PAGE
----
LONDON (Reuters) - Former South African President Nelson
Mandela led World AIDS events on Friday with a passionate plea
to people to use condoms and destigmatise HIV/AIDS in a message
that reverberated around the world.
No corner of the globe is untouched by the illness which has
been described as the most catastrophic health crisis of our
With 36.1 million people living with the virus and an estimated
5.3 million new infections in the last year alone, Mandela's
plea for safe sex, openness and compassion carried a universal
"Be faithful to one partner and use a condom... Let us take
precautionary measures. Give a child love, laughter and peace,
not AIDS," he said in a World AIDS Day address.
South Africa has a high and growing rate of AIDS, which already
infects one in ten of its population.
A reluctance to talk about HIV, much less admit having it,
coupled with poverty and ignorance, are fuelling the spread of
HIV/AIDS in the developing world, areas worst affected by the
epidemic. In wealthier nations the problem is one of growing
"Leaders in all spheres who are living with HIV should be
encouraged, not coerced, to lead by example and disclose their
HIV status," said Mandela. "MEN
MAKE A DIFFERENCE"
The theme of the 13th World AIDS Day, a global campaign to
improve public awareness of HIV and AIDS issues, is "men make a
"Men are truly the driving force behind this epidemic, when it
comes to injecting drug-use the majority are men, but also in
terms of homosexual and heterosexual transmission it is male
behaviour that plays a dominant role," Dr. Peter Piot, the head
of the UN agency leading the battle against the global
epidemic, told Reuters.
"There is a need for major behaviour changes when it comes to
male sexual behaviour," he added.
Rock concerts were set to convey the message to young
people--one of the most vulnerable groups--in Laos, Russia, the
Ukraine, Belize and China.
"Condom buses" crawled through the streets of Hanoi and Ho Chi
Minh City in Vietnam distributing condoms. Caravans touting
safe sex messages travelled through Romania, Niger and Chad and
an AIDS awareness train reached remoter parts of China.
Sub-Saharan Africa, with 25.3 million HIV/AIDS sufferers, is
the epicenter of the epidemic. AIDS- related diseases killed
2.4 million people in Africa this year--more than those killed
by war, famine and flood combined.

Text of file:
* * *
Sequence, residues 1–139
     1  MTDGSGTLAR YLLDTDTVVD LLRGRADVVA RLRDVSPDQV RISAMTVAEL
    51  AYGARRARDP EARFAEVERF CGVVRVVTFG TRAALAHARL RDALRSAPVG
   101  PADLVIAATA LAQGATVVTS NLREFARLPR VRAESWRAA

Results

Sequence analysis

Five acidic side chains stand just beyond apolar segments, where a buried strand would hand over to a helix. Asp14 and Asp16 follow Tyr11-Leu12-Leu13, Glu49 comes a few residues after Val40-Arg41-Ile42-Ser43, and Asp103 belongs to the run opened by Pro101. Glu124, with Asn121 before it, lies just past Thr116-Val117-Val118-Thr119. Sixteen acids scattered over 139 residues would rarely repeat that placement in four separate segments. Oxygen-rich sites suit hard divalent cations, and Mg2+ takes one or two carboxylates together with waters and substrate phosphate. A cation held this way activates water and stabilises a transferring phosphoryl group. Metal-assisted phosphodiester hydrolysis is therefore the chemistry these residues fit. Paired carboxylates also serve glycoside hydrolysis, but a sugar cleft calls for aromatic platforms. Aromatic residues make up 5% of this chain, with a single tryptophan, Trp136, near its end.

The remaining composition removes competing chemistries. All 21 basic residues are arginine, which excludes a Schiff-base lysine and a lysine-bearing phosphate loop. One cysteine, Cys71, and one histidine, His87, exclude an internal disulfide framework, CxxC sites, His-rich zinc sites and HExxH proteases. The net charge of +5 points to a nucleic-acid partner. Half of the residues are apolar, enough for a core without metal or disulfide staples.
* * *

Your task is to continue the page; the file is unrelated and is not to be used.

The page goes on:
Experts now fear the epidemic is heading East and that China
and India with their huge populations will be most vulnerable.
"We have a major challenge over the next five years as this
virus moves into the large demographic countries of Asia," said
Gordon Alexander, senior programme adviser for UNAIDS in India.
The United Nations says China is on the "fast track" to an AIDS
epidemic. Its estimated 600,000 HIV/AIDS cases could grow to 10
million or more by 2010 unless the country acts decisively and
"China needs to do a lot more," to promote condoms and sex
education, Edwin Judd, United Nations Children's Fund (UNICEF)
representative in China, told Reuters.
SPREADING LIKE WILDFIRE
Most of the World AIDS Day events around the globe, whether
candlelight vigils, rallies, celebrity charity galas or
Internet launches, are focusing on breaking down the taboos and
stigma associated with HIV/AIDS and prevention--vital elements
to defeat the virus.
"We must recognise that for most of the time the pandemic was
spreading like wildfire, we were in a state of denial about
HIV/AIDS," said Mandela. Antiretroviral drugs that prevent the
virus from replicating in the body will also play a role.
Progress was made in May when an initiative was announced to
get drugs to the people who can least afford them.
International drug companies were set to announce a deal on
Friday with Uganda to supply anti-AIDS drugs at reduced prices.
It is the second deal, after a similar pact with Senegal last
month, in the initiative by five major drug companies to slash
the prices of the drugs for poor African countries. without the
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